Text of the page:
The Sound of Solidarity

LGSM have started the massive task of building an archive of all the historical records from our year of existence between July 1984 and July 1985. This archive will include minutes of meetings, press cuttings, photographs, interviews, film footage, ephemera, reminiscences and much, much more. This will be supplemented with material from our reformation as LGSMA (Lesbians and Gays Support the Miners Again) in 1992, when a second round of pit closures was announced. And finally, we will include more contemporary material from our reformation in 2014.

Collections and connectionsAs a taster for this, we decided to release what we believe to be one of the most important of these records – an audio recording from one of our meetings. The meeting took place on the evening of Sunday 16 September 1984 at Gays the Word Bookshop in Central London. The ‘business’ part of the meeting concluded before recording and we were then joined by Dai Donovan, Ally Thomas and Tom Jones from South Wales. It was at this point in the meeting that the recording started.

Dai had already been to London on 6 September 1984 to collect our first donation cheque on behalf of the South Wales striking miners and their families. This donation was presented to him on stage at a gay pub called The Bell in Pentonville Road, Kings Cross. It is this scene that is broadly recreated in the film Pride (shot in the Royal Vauxhall Tavern, because The Bell closed some years ago). But for many of the LGSM members present at this meeting, this was the first time we had actually met any of the people that we were collecting funds for.

Dai and Tom do most of the talking in the recording, but several LGSM members speak towards the end.

Dai outlines just how huge a task feeding the striking miners had become and tells the meeting that £770,000 of South Wales NUM Funds and assets had been sequestered by Thatcher’s Government. He explains that even Tom Jones’s personal bank account had been frozen and examined in detail by the bank and Government sequestrators. He goes on to talk about the shift in consciousness experienced by miners and their families throughout the country since the start of the strike in March 1984. And then he reports that Welsh miners had linked cause with the women of Greenham Common.

He shares copies of the NUM newsletter Valley Star with LGSM, explaining that this goes to all striker families alongside their food parcel for the week. And LGSM share our newsletter with Dai, Ally and Tom, to take back to South Wales. We then present them with a copy of the book Coming Out by Jeffrey Weeks, which they accept and deposit in the South Wales Miners Library.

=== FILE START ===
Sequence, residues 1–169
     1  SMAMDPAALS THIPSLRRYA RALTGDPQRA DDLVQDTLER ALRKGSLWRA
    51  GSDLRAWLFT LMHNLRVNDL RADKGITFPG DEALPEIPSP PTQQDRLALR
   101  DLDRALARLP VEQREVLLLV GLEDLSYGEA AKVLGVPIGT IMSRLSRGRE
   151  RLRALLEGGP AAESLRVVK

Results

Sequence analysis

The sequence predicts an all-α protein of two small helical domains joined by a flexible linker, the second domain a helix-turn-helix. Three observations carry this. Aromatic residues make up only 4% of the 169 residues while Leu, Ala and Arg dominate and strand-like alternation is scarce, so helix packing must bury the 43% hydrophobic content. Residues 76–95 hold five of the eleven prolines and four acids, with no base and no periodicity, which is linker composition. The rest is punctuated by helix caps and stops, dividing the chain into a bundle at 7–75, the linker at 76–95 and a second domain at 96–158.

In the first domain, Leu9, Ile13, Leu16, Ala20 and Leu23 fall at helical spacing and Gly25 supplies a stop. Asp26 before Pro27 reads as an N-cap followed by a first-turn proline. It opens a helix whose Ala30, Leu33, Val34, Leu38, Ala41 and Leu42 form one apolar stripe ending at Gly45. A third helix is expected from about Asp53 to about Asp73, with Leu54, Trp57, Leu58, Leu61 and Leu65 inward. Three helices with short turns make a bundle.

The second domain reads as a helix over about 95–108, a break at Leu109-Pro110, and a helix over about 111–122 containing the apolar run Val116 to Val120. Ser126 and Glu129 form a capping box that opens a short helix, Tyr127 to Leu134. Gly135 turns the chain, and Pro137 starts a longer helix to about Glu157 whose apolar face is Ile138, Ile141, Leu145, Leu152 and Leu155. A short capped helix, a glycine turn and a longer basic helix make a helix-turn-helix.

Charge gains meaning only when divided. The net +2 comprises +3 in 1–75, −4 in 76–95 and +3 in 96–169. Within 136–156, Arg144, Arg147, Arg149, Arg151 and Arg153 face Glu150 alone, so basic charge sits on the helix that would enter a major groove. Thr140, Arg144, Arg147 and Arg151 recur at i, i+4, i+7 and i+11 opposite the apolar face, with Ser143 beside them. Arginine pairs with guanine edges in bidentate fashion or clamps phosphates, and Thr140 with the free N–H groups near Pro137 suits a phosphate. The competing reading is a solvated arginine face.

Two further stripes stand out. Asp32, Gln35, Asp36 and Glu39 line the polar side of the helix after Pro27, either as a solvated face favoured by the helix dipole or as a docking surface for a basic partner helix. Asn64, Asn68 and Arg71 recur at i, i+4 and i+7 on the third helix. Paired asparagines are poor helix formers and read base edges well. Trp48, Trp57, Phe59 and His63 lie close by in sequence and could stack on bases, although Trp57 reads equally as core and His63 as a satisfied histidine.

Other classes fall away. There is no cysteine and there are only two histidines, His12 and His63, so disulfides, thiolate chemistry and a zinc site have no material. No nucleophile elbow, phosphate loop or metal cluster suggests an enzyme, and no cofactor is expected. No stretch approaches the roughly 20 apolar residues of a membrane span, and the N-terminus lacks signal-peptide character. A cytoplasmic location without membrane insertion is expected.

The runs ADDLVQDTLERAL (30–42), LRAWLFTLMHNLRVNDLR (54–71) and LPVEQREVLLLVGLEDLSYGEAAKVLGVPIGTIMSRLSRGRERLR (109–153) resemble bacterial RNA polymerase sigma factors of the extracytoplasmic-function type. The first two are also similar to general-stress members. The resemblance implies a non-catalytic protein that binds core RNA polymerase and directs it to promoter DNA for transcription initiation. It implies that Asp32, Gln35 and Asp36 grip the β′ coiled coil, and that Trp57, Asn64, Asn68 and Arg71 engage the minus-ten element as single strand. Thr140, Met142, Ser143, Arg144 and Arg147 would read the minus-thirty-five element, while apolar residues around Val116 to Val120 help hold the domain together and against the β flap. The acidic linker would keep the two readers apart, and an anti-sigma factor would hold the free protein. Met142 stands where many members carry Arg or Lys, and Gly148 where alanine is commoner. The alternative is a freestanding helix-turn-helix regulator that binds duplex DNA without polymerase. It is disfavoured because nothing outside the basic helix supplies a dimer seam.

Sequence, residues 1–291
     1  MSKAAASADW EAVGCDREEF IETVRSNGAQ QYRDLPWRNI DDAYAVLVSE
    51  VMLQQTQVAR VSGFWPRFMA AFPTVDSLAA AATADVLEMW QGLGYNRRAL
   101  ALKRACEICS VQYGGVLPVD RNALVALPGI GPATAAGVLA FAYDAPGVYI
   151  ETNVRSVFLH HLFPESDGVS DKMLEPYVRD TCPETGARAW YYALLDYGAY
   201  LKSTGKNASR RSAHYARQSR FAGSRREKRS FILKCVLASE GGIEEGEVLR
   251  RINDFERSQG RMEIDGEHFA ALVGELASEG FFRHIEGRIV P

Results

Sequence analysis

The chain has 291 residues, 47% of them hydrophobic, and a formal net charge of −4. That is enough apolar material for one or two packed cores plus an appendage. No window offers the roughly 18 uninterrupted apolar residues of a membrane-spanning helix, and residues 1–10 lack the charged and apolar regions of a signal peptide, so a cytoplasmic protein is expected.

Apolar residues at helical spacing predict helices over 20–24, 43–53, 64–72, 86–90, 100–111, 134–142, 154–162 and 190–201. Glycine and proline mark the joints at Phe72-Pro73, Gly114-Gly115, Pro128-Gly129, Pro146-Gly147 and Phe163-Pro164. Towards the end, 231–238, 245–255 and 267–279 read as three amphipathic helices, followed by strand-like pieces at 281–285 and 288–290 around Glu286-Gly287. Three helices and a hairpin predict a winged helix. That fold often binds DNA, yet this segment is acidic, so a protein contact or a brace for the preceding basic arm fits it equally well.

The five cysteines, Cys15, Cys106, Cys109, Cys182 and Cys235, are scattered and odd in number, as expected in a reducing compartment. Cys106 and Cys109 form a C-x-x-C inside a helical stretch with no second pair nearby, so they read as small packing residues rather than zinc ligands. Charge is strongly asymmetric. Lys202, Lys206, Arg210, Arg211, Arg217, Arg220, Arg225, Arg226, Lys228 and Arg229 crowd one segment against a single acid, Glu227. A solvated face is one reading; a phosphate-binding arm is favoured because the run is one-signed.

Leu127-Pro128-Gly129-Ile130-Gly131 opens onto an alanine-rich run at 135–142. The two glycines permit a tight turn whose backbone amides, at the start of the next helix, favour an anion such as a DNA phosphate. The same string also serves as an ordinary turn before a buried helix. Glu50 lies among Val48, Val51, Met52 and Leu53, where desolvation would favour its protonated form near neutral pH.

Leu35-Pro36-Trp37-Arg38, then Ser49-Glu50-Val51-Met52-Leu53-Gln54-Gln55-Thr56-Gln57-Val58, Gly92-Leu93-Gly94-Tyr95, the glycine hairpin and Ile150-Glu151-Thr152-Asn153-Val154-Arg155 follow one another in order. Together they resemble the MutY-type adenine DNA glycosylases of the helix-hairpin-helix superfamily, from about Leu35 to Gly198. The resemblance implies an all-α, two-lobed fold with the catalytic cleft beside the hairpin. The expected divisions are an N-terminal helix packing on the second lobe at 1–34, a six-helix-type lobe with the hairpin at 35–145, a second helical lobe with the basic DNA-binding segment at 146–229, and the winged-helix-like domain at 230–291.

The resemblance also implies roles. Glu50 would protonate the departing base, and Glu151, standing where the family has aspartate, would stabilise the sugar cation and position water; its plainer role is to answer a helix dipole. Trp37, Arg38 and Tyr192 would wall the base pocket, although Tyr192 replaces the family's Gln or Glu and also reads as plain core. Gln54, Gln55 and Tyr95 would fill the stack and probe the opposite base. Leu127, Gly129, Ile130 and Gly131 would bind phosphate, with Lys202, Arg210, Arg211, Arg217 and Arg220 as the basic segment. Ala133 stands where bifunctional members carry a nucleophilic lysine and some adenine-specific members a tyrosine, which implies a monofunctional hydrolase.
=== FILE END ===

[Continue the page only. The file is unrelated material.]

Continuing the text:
Dai and Tom can be heard inviting LGSM to visit the South Wales striking miners and stay in their homes and this trip then happened six weeks later. Again, this visit is depicted in the film Pride. 27 LGSM members went on that first trip to Dulais and there were two further trips organised in 1985. Many LGSM members relate that these trips changed their lives forever – and cemented the friendships that endure to this day.

The stories that Dai and Tom relate about the events of the strike are incendiary and inspiring, in equal measure. You will hear stories of how Derbyshire pubs barred both native and visiting police force personnel (drafted into the area by the Thatcher Government to keep coal stocks moving) from their premises because of violence by off-duty officers. You will also hear what a crucial role the women of the mining communities played in the dispute.

If anyone reading this still believes that the British State is liberal, plural, benign or paternal, please listen to just how that State machine was treating the striking miners in 1984. And take this story with you into future battles – because you need to know what you’re up against in order to stand a chance at victory. What we hope you don’t take away from these recordings is resignation to defeat – the Thatcher Government did ultimately defeat the NUM in 1985, but it was a very narrow victory and things could so easily have been very different. Many factors contributed to the NUM defeat – the Thatcher Government’s determination was only one of these.

The sound quality is poor in places and we apologise for this. The original recording was on a standard quality cassette tape and we were not a wealthy bunch.

Below is a list of those LGSM members who were present at the 16 September meeting, in alphabetical order. Those who can be identified as speaking at some point in the meeting are shown in bold. Some of the speakers are unidentified, but if listeners recognise any new voices and let us know, we will amend this posting.

  • Mark Ashton
  • Ben Benson
  • Jonathan Blake
  • Stephen Browning
  • Paul Canning
  • Jeff Cole
  • John Cooper
  • Rob Cooper
  • Martin Goodsell
  • Ray Goodspeed
  • Susannah Hall
  • Brett Haran
  • Derek Hughes
  • Mike Jackson
  • Robert Kincaid
  • Dave Lewis
  • Stephen Meylor
  • Robert ‘Monty’ Montgomery
  • Johnny Orr
  • Bernard Padden
  • Lucia ‘Polly’ Vittorini
  • Matt Williams
  • Nigel Young

This recording is as politically relevant today as it was 31 years ago. This is the sound of solidarity in action – for all to hear. We hope you enjoy listening to the recording and that you take valuable lessons away.

Part 1

15 minutes

Part 2

15 minutes

Part 3

15 minutes

Part 4

20 minutes